Three years ago, the evangelical publisher Thomas Nelson halted publication of one of Barton’s books, The Jefferson Lies: Exposing the Myths You’ve Always Believed about Thomas Jefferson, after finding that statements in the book “were not adequately supported.” Barton was not a casualty of secular historians skeptical of his “scholarship.” Barton’s fellow evangelicals drew attention to the book’s “embarrassing factual errors, suspiciously selective quotes, and highly misleading claims,” and “the untruths and suspect historical interpretations that Barton regularly peddles in his books, speaking engagements, and on his radio program.”
Barton, of course, remains a popular figure in some evangelical circles, enough so that a major presidential candidate still believes him to be an asset to his campaign. But to some evangelicals, he is an embarrassment.
Other attendees of the off-the-record Texas confab included, according to the Post, James Dobson, the retired founder of Focus on the Family and Richard Land, the former disgraced head of the Southern Baptist Convention’s Ethics and Religious Liberty Commission. Dobson and Land are the quintessence of what one might call a “media evangelical,” someone reporters call on to gauge the pulse of a subculture. Brian Kaylor, a historian of evangelical political engagement, has said that “Land is much more influential among journalists as a ‘evangelical leader’ than he is with the average Southern Baptist in the pews. He has more say in newsrooms than sanctuaries.”
While the media, particularly in the 2000 election cycle (before which Dobson had threatened to form a third party if no sufficiently Christian candidate emerged) and in 2008 (when Dobson held off on an endorsement of Huckabee, who appeared to be an ideal evangelical candidate) fixated on Dobson, for some evangelicals his aggressive role in presidential politics has been irrelevant or even detrimental, even if they long admired his family and childrearing advice.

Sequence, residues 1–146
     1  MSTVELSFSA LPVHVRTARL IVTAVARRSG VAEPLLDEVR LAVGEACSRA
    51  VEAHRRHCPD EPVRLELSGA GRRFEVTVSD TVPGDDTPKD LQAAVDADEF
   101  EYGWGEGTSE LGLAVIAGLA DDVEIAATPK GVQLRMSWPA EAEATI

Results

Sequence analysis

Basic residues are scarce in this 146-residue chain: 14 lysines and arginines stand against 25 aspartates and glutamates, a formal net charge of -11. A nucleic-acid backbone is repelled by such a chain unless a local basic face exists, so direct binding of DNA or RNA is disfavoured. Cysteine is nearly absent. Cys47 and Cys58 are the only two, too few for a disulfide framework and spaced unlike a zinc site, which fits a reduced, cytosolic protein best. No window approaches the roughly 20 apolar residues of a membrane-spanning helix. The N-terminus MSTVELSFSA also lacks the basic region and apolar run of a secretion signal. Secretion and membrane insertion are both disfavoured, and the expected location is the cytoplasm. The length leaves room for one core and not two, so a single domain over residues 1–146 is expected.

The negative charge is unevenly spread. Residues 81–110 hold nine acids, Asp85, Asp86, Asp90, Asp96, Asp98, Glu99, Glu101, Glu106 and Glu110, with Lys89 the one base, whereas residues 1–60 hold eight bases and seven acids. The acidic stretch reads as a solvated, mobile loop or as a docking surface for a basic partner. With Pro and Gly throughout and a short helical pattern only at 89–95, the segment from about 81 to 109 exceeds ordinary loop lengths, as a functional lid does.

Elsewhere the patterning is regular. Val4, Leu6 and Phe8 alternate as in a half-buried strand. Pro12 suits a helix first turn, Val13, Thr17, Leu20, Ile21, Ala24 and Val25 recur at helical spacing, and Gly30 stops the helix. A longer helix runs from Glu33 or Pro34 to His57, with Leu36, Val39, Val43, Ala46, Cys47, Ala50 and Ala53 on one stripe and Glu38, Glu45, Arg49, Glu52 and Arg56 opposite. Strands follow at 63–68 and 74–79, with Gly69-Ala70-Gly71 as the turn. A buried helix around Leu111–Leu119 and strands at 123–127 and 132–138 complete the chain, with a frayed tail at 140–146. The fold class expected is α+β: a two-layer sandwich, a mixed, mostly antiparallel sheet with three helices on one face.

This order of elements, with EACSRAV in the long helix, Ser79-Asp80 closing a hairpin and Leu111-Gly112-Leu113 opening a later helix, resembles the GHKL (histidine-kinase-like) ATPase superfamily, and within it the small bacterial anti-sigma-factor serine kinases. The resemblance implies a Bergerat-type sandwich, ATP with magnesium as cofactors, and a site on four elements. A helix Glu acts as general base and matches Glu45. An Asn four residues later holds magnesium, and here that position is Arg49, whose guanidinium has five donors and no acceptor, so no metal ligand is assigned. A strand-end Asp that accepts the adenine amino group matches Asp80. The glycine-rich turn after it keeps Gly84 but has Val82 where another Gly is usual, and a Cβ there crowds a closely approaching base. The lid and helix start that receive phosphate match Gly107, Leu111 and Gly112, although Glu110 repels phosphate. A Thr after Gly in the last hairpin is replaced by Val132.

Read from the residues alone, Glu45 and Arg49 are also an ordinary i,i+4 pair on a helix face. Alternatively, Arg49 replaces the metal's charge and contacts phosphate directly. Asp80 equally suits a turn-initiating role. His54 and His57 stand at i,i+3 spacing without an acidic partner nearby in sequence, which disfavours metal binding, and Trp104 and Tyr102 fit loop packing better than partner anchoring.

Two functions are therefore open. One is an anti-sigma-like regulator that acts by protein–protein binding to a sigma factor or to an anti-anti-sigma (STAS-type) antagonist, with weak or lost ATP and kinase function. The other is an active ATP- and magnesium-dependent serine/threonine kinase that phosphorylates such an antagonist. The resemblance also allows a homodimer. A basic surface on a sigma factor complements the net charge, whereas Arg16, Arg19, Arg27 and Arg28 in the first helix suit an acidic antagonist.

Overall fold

In 2008 and 2012, there were several Republican candidates who fit the conservative Christian mold, and who competed for the evangelical vote. None emerged as the eventual nominee, although both eventual nominees played lip service to evangelical concerns. This cycle, as I wrote on several occasions last year, Donald Trump has scrambled the formula for winning over evangelical voters. Rather than pandering to evangelical voters with talk of “biblical values,” opposition to abortion, or promises to fight for “religious liberty,” Trump has played his own game. While evangelical “leaders” demand dedication to “Christian values” and fealty to the “Christian nation,” Trump has made only vague and episodic references to the Bible and his own religious faith, and has elevated the idea of a “winner” nation over that of a theocratic one.
In 2007, for example, conservative evangelical leaders threatened to go third party if the GOP nominated a candidate insufficiently opposed to abortion. In 2016, the party could well nominate the candidate (Trump) with the thinnest record opposing abortion and the lowest number of mentions of the issue on the campaign trail. And he’s doing this, according to some polls, with the support of at least a third of white evangelicals.
Cruz’s strategy could still prove to be a success; he is rivaling or exceeding Trump’s support among evangelicals, with the rest of the field splitting the other third. Trump’s success, thus far at least, has showed that “biblical values” politicking actually doesn’t matter in the primary. He certainly won’t care about placating evangelical elites in the general.
A Trump victory would shatter the Cruz illusion that high-level endorsements matter, and that all evangelicals are looking for a “one of us” candidate. On the other hand, if Cruz ends up being the nominee, watch for this: his victory serving, for some, as a vindication of his heavy-handed evangelical outreach.